35-year-old photographer Ammar Al Attar started taking photos with his Nokia phone back in early 2000s. Al Attar soon became passionate about understanding and documenting social phenomena and has since taken his photography to a professional level. In 2015, he presented his series of self-portraits titled Salah investigating the act of prayer.
Eager to find out why the act of prayer in Islamic culture is divided into sequences, Al Attar researched the performance over two years. “We only inherit most of our religious habits from our parents or school, so I started doing extensive reading, which allowed me to look at it from a scientific, physiological and psychological lens”, he says. This then led him to produce his series of graphic self-portraits, each exploring every micro-movement of the ritual.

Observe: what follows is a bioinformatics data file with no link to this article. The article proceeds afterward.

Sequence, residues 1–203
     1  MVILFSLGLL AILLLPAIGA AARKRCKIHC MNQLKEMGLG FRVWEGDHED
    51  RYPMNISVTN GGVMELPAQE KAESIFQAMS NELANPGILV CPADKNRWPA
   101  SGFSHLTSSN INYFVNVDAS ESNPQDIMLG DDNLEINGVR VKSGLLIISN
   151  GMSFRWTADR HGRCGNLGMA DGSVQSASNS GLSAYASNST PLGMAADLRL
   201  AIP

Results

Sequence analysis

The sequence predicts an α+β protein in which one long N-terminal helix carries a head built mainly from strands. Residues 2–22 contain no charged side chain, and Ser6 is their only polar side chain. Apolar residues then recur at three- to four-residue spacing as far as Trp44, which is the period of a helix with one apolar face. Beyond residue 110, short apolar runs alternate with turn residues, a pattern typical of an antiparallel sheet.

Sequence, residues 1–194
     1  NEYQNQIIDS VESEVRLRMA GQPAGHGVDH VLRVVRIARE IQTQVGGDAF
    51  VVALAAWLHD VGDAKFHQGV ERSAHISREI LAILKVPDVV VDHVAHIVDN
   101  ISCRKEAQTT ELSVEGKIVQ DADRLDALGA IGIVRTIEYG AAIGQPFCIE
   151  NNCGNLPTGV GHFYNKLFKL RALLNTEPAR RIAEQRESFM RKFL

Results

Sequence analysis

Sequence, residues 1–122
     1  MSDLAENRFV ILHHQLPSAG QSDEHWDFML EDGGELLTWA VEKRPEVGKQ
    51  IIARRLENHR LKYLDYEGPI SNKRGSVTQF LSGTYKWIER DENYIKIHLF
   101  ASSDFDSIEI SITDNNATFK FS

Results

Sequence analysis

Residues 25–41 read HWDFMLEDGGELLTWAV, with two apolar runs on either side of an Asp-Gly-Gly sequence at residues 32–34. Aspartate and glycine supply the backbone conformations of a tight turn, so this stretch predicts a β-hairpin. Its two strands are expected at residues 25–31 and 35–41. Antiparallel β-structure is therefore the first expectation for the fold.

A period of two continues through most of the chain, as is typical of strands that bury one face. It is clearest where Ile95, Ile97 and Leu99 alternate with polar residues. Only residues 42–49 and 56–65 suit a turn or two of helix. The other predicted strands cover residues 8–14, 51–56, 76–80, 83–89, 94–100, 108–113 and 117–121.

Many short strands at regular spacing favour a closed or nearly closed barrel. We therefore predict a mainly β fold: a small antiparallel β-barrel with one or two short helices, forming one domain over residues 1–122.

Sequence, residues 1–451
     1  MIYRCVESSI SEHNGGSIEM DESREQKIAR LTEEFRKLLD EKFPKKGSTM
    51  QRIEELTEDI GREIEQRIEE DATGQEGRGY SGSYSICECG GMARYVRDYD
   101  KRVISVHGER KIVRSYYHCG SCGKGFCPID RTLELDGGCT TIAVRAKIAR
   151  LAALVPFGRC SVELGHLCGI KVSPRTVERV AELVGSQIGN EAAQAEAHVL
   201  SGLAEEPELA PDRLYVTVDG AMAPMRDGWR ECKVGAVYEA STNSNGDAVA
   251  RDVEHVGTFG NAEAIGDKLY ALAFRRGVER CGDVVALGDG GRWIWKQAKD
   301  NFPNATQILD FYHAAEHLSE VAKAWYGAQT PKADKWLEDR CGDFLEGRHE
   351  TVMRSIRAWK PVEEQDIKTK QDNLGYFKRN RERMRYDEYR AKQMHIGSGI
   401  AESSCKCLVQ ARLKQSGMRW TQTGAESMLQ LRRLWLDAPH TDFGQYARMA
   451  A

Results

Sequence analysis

His research-based photography allows for him to document the evolution of behaviours in our contemporary world – and more particularly in the Gulf, where technology and globalization have transformed things at a very fast pace. “My aim is to act as a preserver of History, so future generations can understand it and make greater sense of their environment”.